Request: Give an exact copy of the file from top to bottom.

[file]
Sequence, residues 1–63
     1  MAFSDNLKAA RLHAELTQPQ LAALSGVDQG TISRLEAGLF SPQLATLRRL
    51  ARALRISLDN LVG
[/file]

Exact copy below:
Sequence, residues 1–63
     1  MAFSDNLKAA RLHAELTQPQ LAALSGVDQG TISRLEAGLF SPQLATLRRL
    51  ARALRISLDN LVG